Cincinnati Bengals expect Big Ben to start Sunday at Heinz Field

The Sports Xchange
Cincinnati Bengals cornerback Dre Kirkpatrick feels like Big Ben will return to start for the Pittsburgh Steelers when the two teams play this Sunday. File photo John Sommers II/UPI
Cincinnati Bengals cornerback Dre Kirkpatrick feels like Big Ben will return to start for the Pittsburgh Steelers when the two teams play this Sunday. File photo John Sommers II/UPI | License Photo

CINCINNATI -- Regardless of what they might hear or read in the coming days, the Cincinnati Bengals believe Ben Roethlisberger will be at quarterback when they face the Steelers on Sunday at Heinz Field.

"Teams like to keep their secrets," said cornerback Dre Kirkpatrick. "I feel like he's going to play. That's how we are going to prepare. I know what this game means to us. So I know what it means to them."


The unbeaten Bengals are coming off a bye week looking to improve to 7-0 for the first time in franchise history.

More important, a victory over Pittsburgh on Sunday would put Cincinnati in the driver's seat in the AFC North division which they already lead by two and one-half games.

With immense ramifications for both teams, the assumption is Roethlisberger will be the starter.

He planned to start this past Sunday's game against Kansas City before his knee flared up Thursday night. With backup Michael Vick also out, Landry Jones got the start in a 23-13 loss to the Chiefs.


Not only do the Bengals believe Roethlisberger will start, they also must assume he'll be the same "Big Ben" who frustrates defenders with his ability to extend plays with his feet.

"We know he's hurt," said Kirkpatrick. "We don't know how much he's going to be able to be on his feet moving around the pocket. We won't know until Sunday."

Cincinnati is out to prove that it's a new era in the AFC North, largely ruled by the Steelers and Ravens in recent years. Additionally, the Bengals are just 6-17 against Pittsburgh with Roethlisberger at quarterback.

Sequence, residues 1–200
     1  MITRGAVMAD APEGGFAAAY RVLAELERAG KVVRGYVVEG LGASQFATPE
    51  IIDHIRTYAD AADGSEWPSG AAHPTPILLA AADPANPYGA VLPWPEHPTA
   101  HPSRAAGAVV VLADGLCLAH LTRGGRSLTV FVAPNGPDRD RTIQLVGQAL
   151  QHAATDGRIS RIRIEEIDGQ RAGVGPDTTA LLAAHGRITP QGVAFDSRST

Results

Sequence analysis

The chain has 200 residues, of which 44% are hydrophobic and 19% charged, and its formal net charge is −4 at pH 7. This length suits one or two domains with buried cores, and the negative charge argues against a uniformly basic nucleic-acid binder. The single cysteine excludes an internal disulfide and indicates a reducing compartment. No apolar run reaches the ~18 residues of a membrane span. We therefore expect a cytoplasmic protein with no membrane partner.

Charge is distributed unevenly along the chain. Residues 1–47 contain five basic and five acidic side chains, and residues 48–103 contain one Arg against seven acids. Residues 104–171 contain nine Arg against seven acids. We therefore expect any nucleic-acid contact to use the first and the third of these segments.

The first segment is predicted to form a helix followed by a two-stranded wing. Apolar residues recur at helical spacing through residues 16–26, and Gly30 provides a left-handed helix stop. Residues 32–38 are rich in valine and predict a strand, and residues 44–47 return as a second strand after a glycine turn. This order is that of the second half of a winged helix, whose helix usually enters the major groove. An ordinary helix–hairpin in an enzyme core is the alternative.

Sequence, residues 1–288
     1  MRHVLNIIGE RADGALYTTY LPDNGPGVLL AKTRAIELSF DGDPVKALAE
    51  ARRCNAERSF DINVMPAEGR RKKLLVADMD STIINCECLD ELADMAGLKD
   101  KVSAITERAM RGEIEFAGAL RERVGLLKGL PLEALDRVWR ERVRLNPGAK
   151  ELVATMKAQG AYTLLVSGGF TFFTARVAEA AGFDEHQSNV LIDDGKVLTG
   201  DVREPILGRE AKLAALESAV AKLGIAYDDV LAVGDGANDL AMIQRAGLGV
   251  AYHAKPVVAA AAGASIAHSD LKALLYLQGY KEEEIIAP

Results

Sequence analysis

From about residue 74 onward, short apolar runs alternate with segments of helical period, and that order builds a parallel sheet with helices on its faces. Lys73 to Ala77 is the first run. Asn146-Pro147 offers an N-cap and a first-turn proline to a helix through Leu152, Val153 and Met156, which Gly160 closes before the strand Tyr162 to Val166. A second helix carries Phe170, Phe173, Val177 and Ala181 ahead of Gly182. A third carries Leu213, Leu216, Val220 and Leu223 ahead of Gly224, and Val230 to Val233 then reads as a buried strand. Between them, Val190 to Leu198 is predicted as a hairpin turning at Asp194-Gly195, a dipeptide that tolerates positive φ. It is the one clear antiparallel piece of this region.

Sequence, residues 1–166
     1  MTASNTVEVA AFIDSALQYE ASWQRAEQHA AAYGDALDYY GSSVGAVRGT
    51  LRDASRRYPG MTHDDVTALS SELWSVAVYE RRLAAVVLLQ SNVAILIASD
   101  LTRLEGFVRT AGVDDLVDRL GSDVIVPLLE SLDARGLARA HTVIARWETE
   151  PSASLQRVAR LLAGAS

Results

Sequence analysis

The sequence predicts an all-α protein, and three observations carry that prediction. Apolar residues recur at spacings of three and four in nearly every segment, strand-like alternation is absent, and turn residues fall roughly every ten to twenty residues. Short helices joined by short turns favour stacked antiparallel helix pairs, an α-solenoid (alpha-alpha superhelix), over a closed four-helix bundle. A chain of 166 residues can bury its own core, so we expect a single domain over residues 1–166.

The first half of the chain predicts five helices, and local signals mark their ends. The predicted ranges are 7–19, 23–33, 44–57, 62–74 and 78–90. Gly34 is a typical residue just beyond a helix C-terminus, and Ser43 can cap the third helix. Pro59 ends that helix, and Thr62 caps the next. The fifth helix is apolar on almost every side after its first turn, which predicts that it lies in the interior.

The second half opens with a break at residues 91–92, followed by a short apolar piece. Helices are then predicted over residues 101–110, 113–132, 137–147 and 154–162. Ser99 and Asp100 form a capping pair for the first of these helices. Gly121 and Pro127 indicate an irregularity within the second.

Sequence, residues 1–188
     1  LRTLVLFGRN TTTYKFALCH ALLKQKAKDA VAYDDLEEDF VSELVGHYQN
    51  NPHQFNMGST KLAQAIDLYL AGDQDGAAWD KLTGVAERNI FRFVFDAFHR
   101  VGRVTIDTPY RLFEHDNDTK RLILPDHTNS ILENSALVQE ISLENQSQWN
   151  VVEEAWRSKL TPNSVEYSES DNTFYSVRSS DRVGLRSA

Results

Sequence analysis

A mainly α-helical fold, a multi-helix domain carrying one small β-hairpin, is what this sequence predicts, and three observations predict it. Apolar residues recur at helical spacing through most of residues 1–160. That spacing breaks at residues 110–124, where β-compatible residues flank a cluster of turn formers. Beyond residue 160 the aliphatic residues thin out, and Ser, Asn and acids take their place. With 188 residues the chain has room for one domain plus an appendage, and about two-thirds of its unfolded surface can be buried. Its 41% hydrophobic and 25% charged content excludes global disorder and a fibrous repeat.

"He does a great job moving around in the pocket," Kirkpatrick said. "You have to keep your eyes on your man. Not try to do anyone else's job. You have to be poised."

Cincinnati's 6-0 record perhaps carries a little less weight when you consider that it has played just one divisional game: a win at Baltimore in September.

The Bengals still have two games each against Pittsburgh and Cleveland then host the Ravens in the regular-season finale.

"We know the physicality and toughness in this division," said left tackle Andrew Whitworth. "This is a division week. There's an extra bit of energy."



--PASSING OFFENSE: A. Quarterback Andy Dalton elevated himself into the league MVP conversation after passing for 1,761 yards with 14 TDs and two interceptions. He completed 67.4 percent of his passes for a 116.1 rating which this week ranked ahead of Aaron Rodgers and Tom Brady. The return of tight end Tyler Eifert and receiver Marvin Jones gives Dalton and offensive coordinator Hue Jackson plenty of options when teams choose to double A.J. Green.

--RUSHING OFFENSE: C. Cincinnati's running game is quietly productive, ranking 11th in the NFL in yards. Giovani Bernard ranks 11th in the league with 71.2 yards per game while Jeremy Hill largely has been a non-factor. Look for that to change down the stretch. For now, the duo is effective in helping set up the passing game and adept at blitz pickup to protect QB Andy Dalton.

--PASS DEFENSE: B. The Bengals rank fifth in the AFC with 17 sacks. The key for Cincinnati's secondary following the bye week is to limit big plays. Opponents are averaging 10 yards per catch against the Bengals who rank 20th in the league in overall pass defense. Veteran corner Adam Jones leads the team with two interceptions and six passes defensed. Young corners Dre Kirkpatrick and Darqueze Dennard are improving.


--RUN DEFENSE: C. Cincinnati ranks 17th in the NFL against the run, allowing 109.2 yards per game. That number took a hit on October 11 when Seattle's Thomas Rawls rushed for 169 yards against them. Opponents averaged 141.6 yards on the ground in three games leading up to the bye.

--SPECIAL TEAMS: A. The Bengals' special teams have been a game-changer. Through six games, Cincinnati averaged its own 34-yard line to start drives, tied for first in the league. Punter Kevin Huber is adept at flipping field position, averaging 43.1 net yards per attempt while placing 12 inside the 20-yard line. Kicker Mike Nugent was 7-for-9 on field goals including game-tying and game-winning kicks in a comeback win against the Seahawks on October 11.

--COACHING: A. It's Marvin Lewis' team, but the job that offensive coordinator Hue Jackson has done aiding the evolution of quarterback Andy Dalton and taking advantage of a myriad of weapons on offense has made him a candidate for a head coaching job. Lewis has kept his team focused and on point despite growing hype over the 6-0 start.

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